Qualcomm’s Snapdragon 845 did wonders for the OnePlus 6T. The usage went as smooth as silk (good quality one!). I have a fundamental routine on my smartphones; I use my social media (Facebook, WhatsApp, Snapchat, Instagram and more), play a few games (just started obsessing over PUBG), make calls of course, and how to forget, watch videos. And all this happened with all the convenience. Not once did I feel my smartphone lagged or stuttered.
The device comes with the Gaming mode for a good gaming experience, and mine was just amazing. I played PUBG A LOT, and the graphics were good and the overall experience was amazing.
The social media usage was pretty good as well, and the YouTubing was fun with a good amount of color production. In addition to this, the audio quality was decent with Face Unlock feature as quick as lightning.
Battery And OS: Bigger The Battery, The Better
This time, OnePlus has added more battery, and we get a 3,700mAh battery with support for fast charging and OnePlus’ proprietary Dash Charger. This aspect is another one which has always impressed me to bits; the battery lasted more than a day on a single charge, and it charged so quickly. Being an Apple fanatic, I hope Apple has it soon, and I envy it.
The OnePlus 6T runs the company’s latest OxygenOS 9.0.11 based on the latest Android 9.0 Pie. With Android Pie’s added features such as improved notifications, new system navigation, app actions, and more, the UI was smooth, bloatware-free and easy to use.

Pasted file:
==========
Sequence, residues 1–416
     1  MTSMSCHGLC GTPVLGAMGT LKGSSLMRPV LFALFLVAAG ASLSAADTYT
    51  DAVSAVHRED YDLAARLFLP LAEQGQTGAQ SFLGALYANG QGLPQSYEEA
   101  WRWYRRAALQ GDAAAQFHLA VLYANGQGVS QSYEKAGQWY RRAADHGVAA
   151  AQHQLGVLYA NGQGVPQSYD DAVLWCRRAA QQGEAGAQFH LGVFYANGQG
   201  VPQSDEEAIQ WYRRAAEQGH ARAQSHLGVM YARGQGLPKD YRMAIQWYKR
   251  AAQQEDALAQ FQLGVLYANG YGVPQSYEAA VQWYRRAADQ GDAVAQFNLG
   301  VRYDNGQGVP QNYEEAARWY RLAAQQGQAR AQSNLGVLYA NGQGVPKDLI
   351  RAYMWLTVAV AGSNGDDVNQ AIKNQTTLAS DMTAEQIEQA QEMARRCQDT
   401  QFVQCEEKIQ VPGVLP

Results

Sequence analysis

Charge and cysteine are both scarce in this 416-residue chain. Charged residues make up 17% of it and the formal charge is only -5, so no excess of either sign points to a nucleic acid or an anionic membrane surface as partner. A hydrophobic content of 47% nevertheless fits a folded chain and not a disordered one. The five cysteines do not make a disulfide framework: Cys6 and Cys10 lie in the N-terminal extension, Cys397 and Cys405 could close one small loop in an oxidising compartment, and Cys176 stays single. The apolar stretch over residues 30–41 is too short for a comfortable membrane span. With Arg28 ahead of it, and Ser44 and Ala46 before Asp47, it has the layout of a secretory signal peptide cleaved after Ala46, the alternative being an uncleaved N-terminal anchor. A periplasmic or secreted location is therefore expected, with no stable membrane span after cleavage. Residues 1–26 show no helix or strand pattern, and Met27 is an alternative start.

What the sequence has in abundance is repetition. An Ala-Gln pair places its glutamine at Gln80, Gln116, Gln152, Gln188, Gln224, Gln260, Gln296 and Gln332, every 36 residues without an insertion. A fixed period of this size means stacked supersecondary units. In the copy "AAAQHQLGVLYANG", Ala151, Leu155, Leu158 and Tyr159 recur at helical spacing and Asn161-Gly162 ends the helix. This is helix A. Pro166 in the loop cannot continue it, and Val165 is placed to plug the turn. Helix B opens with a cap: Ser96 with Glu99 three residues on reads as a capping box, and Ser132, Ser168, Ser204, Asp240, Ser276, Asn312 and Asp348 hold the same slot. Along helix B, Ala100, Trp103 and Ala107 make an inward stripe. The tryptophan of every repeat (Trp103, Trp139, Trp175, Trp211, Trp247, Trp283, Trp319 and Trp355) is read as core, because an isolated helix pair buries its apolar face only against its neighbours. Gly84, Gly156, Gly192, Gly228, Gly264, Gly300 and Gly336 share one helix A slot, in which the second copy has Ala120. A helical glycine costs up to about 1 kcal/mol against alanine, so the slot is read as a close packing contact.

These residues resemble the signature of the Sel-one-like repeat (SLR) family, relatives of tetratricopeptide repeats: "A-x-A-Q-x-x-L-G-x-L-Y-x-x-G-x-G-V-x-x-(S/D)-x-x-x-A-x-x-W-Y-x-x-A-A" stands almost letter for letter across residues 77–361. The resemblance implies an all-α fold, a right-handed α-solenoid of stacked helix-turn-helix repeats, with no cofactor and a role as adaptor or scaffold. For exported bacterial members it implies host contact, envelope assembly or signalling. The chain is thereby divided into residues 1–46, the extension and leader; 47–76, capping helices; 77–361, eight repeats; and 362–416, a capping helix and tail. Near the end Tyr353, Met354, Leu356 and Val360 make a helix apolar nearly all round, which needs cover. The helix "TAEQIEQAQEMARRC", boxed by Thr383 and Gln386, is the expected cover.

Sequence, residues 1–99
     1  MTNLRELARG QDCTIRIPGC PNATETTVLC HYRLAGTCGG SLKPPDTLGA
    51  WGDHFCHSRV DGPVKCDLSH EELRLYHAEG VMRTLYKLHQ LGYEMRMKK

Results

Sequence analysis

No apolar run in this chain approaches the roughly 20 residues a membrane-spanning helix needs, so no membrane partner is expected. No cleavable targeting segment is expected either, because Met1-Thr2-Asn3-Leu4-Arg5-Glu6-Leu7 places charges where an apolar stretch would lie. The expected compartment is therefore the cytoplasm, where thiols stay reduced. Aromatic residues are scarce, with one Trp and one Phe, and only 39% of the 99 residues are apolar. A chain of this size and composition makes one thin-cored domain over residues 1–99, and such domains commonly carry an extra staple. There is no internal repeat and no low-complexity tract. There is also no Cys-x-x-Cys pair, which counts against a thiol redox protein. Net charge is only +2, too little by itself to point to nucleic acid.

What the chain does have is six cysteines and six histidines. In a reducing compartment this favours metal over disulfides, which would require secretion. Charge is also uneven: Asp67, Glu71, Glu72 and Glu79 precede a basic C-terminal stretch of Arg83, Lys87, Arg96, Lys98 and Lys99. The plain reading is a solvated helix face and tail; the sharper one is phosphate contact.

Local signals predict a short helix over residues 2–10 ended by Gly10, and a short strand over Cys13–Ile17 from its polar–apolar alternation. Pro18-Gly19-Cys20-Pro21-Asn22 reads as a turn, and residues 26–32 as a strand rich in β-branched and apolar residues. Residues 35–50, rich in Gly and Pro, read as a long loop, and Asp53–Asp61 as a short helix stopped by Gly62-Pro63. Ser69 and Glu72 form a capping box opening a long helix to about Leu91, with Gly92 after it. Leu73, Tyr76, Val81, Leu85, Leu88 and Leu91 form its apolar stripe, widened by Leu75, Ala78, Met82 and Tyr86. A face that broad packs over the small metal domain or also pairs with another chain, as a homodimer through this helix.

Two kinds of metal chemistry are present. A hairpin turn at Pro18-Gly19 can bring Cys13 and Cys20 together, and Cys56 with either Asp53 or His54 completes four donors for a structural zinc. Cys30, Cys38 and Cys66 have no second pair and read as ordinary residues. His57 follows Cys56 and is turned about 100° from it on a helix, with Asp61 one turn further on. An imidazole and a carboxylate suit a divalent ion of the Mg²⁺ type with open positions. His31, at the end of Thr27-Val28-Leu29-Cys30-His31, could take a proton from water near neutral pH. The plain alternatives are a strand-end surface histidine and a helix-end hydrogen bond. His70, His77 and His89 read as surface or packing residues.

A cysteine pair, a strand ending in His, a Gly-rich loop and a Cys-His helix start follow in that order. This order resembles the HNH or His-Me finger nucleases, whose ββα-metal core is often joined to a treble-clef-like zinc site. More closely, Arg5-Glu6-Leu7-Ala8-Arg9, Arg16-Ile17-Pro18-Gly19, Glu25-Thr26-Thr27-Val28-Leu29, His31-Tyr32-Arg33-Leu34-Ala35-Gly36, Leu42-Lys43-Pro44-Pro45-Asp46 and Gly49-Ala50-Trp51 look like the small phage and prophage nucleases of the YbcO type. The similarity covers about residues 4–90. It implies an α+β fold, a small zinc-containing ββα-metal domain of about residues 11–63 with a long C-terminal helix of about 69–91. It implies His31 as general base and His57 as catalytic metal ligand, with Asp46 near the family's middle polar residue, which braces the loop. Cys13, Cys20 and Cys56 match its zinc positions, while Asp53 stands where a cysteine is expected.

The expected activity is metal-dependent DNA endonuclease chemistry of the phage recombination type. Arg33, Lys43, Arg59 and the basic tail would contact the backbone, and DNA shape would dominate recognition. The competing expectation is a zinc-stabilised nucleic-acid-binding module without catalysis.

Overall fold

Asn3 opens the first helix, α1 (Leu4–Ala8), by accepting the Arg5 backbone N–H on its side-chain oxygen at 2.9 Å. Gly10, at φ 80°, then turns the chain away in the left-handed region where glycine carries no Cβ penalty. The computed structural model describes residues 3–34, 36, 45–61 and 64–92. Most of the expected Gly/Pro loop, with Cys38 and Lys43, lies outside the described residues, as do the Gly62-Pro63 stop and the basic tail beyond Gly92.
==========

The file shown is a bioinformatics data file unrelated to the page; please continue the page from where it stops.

Other Features: Things You May Like
The OnePlus 6T has some sidekicks to make the user experience easier and more convenient. It comes with Quick Gestures, much like the OnePlus 6 and others, for accessing certain features with dedicated gestures. I tried my hands on some, and it sure made things convenient for me.
Then we get the Pocket mode which helps in avoiding the accidental calls made when the device is in the pockets, and it worked!
The OnePlus 6T has the new OnePlus Switch feature which very conveniently transfers all the users’ data from the old smartphone to the new OnePlus device.
The OnePlus 6T for 2018/2019, starts at INR 37,999 which is relatively more than the usual OnePlus pricing. While most of the specs and features remain the same as its predecessor, the in-display fingerprint scanner and the Nightscape mode adds onto the reason to buy it.
However, I expect OnePlus to start adding features that are evidently visible, instead of small additions.
Even though the smartphone has its percentage of hits and misses, I still adore the smartphone. Should I buy it today, you ask? It’s a yes from my end!